The Mr.’s parents, brother, and my sister live in the same city as my surgeon, so the plan was to stay with the in-laws.  We thought my report time was going to be at 7:30, according to the patient portal account I’d set up.  I had to call the surgery center after 3pm my time to find out for sure.  It wound up that my report time was 10:00 . . . still early but not too much so.

After eating dinner with the hubby’s parents, I headed over to Super Sis’s house to watch the Survivor finale.  She and her hubby are big fans of the show, and we were all rooting for Ben to win.

What a finale it was too!  Did you see it?  We were shouting at the TV, cringing at stressful moments, and praying like crazy (God says that we can pray for anything).

In the end, our guy won!

I had a hard time sleeping that night.  It wasn’t that I was worried, but the anticipation and uncertainty of what, exactly, I’d be feeling after the surgery kept me tossing and turning.  I finally gave up around 4am and opened up my First 5 app for my daily devotion.  The opening lines brought tears to my eyes, y’all . . .

I don’t know why I’m always amazed when God shows up in such tangible ways.  ❤

After I finished reading, I got up and did my physical therapy exercises.

I’d been told that I wouldn’t be able to do lower body workouts until my boot comes off . . . FOUR WHOLE WEEKS.  Sigh.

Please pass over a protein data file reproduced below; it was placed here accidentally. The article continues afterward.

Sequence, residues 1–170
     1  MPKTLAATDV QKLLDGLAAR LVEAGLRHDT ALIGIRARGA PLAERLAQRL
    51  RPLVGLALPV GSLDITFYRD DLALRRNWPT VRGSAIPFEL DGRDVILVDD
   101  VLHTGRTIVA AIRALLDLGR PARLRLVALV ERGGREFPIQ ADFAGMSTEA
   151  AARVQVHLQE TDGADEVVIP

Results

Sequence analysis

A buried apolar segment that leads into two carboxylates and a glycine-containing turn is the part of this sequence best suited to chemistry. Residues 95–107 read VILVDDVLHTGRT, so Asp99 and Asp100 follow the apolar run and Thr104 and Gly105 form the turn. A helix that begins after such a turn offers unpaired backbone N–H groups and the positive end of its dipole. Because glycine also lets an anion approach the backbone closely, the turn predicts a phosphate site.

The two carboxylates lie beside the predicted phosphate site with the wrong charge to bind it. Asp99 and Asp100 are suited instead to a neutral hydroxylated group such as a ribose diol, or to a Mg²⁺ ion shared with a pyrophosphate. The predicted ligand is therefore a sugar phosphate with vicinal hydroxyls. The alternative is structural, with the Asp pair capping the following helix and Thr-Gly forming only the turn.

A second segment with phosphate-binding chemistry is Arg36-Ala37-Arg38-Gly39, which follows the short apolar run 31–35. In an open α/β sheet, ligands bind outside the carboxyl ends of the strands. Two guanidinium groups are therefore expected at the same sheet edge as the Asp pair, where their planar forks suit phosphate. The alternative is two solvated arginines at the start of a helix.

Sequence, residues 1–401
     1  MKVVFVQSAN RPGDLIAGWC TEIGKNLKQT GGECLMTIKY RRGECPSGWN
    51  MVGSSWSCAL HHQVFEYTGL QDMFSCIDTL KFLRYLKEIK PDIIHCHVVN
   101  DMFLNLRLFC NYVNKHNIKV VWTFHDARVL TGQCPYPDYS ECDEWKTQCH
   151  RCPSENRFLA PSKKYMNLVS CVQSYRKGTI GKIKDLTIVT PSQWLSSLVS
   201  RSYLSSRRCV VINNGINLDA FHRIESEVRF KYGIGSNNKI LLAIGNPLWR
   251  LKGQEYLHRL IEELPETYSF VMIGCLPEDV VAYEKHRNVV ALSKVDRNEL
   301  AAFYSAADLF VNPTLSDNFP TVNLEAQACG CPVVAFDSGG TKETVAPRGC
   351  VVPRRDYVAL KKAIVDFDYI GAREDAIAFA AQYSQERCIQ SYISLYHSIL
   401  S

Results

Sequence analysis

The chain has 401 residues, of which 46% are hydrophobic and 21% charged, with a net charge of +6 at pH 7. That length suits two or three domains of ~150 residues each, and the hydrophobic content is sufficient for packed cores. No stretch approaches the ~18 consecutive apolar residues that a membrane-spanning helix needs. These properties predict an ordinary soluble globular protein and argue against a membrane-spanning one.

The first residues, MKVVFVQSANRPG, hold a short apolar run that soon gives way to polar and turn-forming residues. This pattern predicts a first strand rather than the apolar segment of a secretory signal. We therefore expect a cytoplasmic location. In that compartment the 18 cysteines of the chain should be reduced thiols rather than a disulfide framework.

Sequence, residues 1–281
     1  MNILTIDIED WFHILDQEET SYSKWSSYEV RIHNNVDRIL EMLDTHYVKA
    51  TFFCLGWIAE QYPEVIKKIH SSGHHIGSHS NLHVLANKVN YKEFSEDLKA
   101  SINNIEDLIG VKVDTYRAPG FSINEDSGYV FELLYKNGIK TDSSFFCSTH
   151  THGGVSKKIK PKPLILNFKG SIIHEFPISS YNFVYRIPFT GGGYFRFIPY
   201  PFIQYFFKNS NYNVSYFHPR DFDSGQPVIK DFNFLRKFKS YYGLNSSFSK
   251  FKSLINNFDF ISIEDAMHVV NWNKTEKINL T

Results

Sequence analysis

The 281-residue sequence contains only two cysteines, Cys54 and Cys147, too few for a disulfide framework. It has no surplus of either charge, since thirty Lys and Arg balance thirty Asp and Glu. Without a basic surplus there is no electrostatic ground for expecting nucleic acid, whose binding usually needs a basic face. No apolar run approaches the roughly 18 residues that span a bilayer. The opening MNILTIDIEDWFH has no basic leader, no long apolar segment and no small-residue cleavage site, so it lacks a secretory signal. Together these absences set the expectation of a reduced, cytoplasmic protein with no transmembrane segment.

This was my view as I did lunges and squats . . .

Isn’t the tree gorgeous?  I’ll miss sitting in front of it on Christmas morning this year.  The Mr. is on call for the first Christmas ever, so we are going to have to wait until the 29th to do Christmas with his parents and our siblings.

When I finished with my workout, I grabbed a shower.

Y’all, I’m going to have to rely on the Mr. helping me get semi-showers, where I sit in a chair, drape my right foot over the side of the tub, while he holds the nozzle over my body.  This is what we did last year, and I was miserable . . . while he chuckled each and every time.

Yeah, so the shower yesterday morning was amazing.

It wound up being a good thing that I’d gotten up so early because I got a phone call from the surgery center at 7:30 asking if I could be there sooner – at 8:30.  The Mr. was still sleeping, so I woke him up, and he got ready really fast.

While he was driving me there, his dad went to pick up my post-surgery pain pills, which he and the Mr. had dropped off at the pharmacy the night before.